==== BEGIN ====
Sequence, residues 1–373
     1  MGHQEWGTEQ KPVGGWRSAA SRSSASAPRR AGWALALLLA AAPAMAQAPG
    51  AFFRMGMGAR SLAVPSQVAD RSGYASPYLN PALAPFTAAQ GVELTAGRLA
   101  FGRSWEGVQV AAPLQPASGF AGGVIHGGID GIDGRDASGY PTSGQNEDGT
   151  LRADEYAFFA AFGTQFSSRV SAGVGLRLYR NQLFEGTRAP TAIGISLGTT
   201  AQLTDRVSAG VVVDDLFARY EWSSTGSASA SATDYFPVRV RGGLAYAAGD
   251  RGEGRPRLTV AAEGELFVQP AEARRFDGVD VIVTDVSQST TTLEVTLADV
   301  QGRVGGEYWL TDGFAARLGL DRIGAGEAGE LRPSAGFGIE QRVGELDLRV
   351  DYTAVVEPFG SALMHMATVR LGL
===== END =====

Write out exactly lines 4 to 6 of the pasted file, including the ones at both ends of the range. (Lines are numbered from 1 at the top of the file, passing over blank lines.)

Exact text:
   101  FGRSWEGVQV AAPLQPASGF AGGVIHGGID GIDGRDASGY PTSGQNEDGT
   151  LRADEYAFFA AFGTQFSSRV SAGVGLRLYR NQLFEGTRAP TAIGISLGTT
   201  AQLTDRVSAG VVVDDLFARY EWSSTGSASA SATDYFPVRV RGGLAYAAGD